By Jason Menard
Tim Hardaway just told it like it is. The question isn’t why should we be shocked that these attitudes towards homosexuals exist, but rather why should we think that attitudes have changed that much?
Say what you want about Hardaway’s comments, but the retired basketball player simply expressed his true feelings, without the layers of innuendo, politically correct speak, and evasion that so many others have. In response to a question regarding former NBA player John Amaeche’s recent announcement that he is gay, the retired point guard stated “I hate gays.”
He admitted that he was a homophobe and simply stated that he’d rather not associate with homosexuals. Forward thinking? No. Honest, yes. And you know what, I’d rather people who have these attitudes be honest and up front about them. At least then you know where they stand.
Homosexuality is the final frontier. It’s the last acceptable bastion of intolerance. Imagine what would have happened had the table been turned and a white player had said, in regards to Tim Hardaway, “I hate black people.” Sure, Hardaway’s been removed from any NBA public relations events, but that’s tantamount to a slap on the wrist.
I hate gays. That’s about as honest as can be. But what’s worse: Hardaway’s ill-informed, but heartfelt belief, or other statements like the gem that’s destined to live on in infamy uttered by Philadelphia 76ers forward Shavlik Randolph who said, “as long as you don’t bring your gayness on me that’s fine.” Or the half-assed argument levied by LeBron James who said it would be hard to trust a player who wasn’t honest about themselves and how that wouldn’t be conducive to a team dynamic.
It’s all a bunch of crap. It’s all intolerance and it’s all something that wouldn’t be tolerated by anyone if the issues were about colour or gender. But sexuality is our last taboo. And it’s not just in the testosterone-heavy sports world that we see this type of ignorance.
It’s on our school yards. One would have hoped things have progressed from the times in my youth where, in our fits of ignorance, we made jokes about this new disease about AIDS. We were young, we were struggling with our emerging sexualities, and the easiest way to ensure that you weren’t called a “fag” was to assert your masculinity through what’s tantamount to gay bashing. My son, in grade seven, has heard the same type of language bandied about in 2007. Fag, homo, queer are used as derogative terms in a way that racial epithets would never be tolerated.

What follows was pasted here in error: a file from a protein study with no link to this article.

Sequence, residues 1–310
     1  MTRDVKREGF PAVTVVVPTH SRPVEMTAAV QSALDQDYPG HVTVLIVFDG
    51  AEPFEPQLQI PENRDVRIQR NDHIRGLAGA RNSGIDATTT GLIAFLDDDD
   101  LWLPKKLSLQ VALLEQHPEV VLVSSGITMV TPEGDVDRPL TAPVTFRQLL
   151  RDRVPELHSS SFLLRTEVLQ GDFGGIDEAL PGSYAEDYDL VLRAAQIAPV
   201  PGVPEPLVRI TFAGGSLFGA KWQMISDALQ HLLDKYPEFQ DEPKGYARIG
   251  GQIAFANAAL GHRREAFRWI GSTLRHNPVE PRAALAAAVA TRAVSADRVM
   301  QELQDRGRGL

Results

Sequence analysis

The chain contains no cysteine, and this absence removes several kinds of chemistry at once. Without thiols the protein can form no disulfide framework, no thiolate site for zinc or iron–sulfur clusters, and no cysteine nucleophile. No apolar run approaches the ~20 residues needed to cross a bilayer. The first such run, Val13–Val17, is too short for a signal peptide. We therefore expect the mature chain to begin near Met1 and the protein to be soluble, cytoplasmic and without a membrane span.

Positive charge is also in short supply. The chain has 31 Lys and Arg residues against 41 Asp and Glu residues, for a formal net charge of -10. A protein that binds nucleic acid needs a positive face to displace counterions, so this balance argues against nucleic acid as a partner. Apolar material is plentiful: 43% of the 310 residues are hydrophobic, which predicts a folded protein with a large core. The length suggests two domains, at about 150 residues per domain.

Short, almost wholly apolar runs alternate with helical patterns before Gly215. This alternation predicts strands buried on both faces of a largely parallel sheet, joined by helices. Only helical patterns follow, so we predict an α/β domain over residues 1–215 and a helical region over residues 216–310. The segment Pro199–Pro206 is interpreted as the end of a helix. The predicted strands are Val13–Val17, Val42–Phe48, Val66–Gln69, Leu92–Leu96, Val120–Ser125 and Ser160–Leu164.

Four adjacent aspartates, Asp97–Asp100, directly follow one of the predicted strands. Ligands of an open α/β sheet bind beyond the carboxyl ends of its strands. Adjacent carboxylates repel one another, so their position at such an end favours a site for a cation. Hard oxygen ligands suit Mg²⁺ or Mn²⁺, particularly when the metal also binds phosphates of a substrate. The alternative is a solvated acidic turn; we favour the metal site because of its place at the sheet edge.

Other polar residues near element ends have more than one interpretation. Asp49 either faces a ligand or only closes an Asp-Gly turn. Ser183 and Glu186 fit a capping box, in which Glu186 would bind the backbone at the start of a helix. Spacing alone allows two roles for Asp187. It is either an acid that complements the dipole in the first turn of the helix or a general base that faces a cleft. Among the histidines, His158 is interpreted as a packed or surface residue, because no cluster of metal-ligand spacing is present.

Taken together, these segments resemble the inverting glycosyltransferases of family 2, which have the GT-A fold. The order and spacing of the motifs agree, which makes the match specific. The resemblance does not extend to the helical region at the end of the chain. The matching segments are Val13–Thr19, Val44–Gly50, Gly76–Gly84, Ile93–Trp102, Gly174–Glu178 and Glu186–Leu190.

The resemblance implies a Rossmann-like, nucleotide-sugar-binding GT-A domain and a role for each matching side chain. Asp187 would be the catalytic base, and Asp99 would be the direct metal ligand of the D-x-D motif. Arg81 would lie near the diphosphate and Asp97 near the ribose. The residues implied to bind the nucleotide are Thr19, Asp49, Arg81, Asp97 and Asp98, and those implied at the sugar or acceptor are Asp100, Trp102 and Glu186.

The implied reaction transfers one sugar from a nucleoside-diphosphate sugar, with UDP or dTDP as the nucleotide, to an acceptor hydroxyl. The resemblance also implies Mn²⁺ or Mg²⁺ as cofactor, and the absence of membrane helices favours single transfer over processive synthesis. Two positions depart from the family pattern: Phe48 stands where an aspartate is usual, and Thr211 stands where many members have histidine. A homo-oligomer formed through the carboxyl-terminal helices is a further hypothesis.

Then we wonder why so few people come out?
And that’s part of the problem. People are afraid of what they don’t know. I can honestly say that I was never knowingly exposed to a gay person until I reached university. I know that’s probably not true, but I met the first person that I met who was “out” after high school. Since then, I’ve had the distinct pleasure to call many homosexuals my friends – not because they’re gay, but because they’re good people. Prior to that, I was the same as many others – joining in with gay jokes without thought of their consequence. After all, it’s easy to be insensitive when you haven’t been sensitized.
But since that time, I’ve met gay family members, friends, and associates. Their sexuality or mine has never been an issue. We would speak about our respective partners, mine being my wife, theirs being their boyfriend or girlfriend, as if there was nothing in the world strange about it – and the reason is because there is nothing in the world strange about it.
The unfortunate part is that the world around homosexuals is strange about them. Being gay isn’t catching. You either are or aren’t. I’ve seen homosexual couples kiss and yet never had the urge to find a guy to lock lips with. When gay marriage was made legal, it didn’t impact me in any way, shape, or form. I did not leave my wife in search of a same-sex union.
So why would playing sports with a gay teammate be any different? Having been in my share of locker rooms, both playing sports and covering them, I know that the behaviour displayed in there is certainly nothing that would be considered arousing. Put it this way: the gay guy in the locker room is probably not interested in the puerile, armpit-fart-noise making, towel-snapping, vulgar heterosexual teammate.
Yet there’s still this great fear – the fear of the unknown. But maybe that will change one day. Just as white people learned that there’s nothing wrong with associating with black people, so too maybe will heterosexuals learn that sexuality has nothing to do with how we interact. Sure, there will always be those who remain ignorant – just as there are those who hate people because of the colour of their skin or think that women are inferior to men just because of their genitalia. But maybe the rest of us can grow and learn.
On the playground, my son remains confused because his experience with homosexuals differs from what he hears on the playground. The anger and vitriol with which his friends characterize homosexuals doesn’t wash with his real-life experience with our friends and family members. And that won’t change until parents learn and share their experiences with their children. It’s all about education and familiarization.
Maybe we can learn to appreciate each other for what we are. And it starts with exposure. From musicians coming out, to TV actors, to sports athletes – when we that sexuality doesn’t have any impact on our icons’ ability to perform, then maybe we’ll get over this hang-up.
After all, whether it’s dribbling a basketball or filling out a report, the only thing that matters is your skills and talents – not who shares your bed at night.
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